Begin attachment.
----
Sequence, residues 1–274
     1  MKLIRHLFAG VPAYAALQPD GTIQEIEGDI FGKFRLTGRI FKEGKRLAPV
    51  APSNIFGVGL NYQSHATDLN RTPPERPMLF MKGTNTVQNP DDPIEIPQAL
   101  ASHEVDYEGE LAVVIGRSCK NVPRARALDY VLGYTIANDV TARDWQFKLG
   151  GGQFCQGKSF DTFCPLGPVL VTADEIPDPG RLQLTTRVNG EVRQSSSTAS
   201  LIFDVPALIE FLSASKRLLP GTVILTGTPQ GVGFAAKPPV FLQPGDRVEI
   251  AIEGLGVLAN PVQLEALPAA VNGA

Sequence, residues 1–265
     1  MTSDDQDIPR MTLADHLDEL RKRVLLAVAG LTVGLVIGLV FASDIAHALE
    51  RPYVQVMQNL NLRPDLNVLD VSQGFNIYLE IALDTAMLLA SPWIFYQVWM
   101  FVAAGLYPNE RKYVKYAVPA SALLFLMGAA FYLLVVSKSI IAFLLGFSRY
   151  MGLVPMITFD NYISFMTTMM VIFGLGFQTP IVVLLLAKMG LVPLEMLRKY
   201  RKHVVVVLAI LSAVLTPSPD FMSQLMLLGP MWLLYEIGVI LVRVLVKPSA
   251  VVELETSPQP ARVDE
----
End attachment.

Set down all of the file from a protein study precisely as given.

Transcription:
Sequence, residues 1–274
     1  MKLIRHLFAG VPAYAALQPD GTIQEIEGDI FGKFRLTGRI FKEGKRLAPV
    51  APSNIFGVGL NYQSHATDLN RTPPERPMLF MKGTNTVQNP DDPIEIPQAL
   101  ASHEVDYEGE LAVVIGRSCK NVPRARALDY VLGYTIANDV TARDWQFKLG
   151  GGQFCQGKSF DTFCPLGPVL VTADEIPDPG RLQLTTRVNG EVRQSSSTAS
   201  LIFDVPALIE FLSASKRLLP GTVILTGTPQ GVGFAAKPPV FLQPGDRVEI
   251  AIEGLGVLAN PVQLEALPAA VNGA

Sequence, residues 1–265
     1  MTSDDQDIPR MTLADHLDEL RKRVLLAVAG LTVGLVIGLV FASDIAHALE
    51  RPYVQVMQNL NLRPDLNVLD VSQGFNIYLE IALDTAMLLA SPWIFYQVWM
   101  FVAAGLYPNE RKYVKYAVPA SALLFLMGAA FYLLVVSKSI IAFLLGFSRY
   151  MGLVPMITFD NYISFMTTMM VIFGLGFQTP IVVLLLAKMG LVPLEMLRKY
   201  RKHVVVVLAI LSAVLTPSPD FMSQLMLLGP MWLLYEIGVI LVRVLVKPSA
   251  VVELETSPQP ARVDE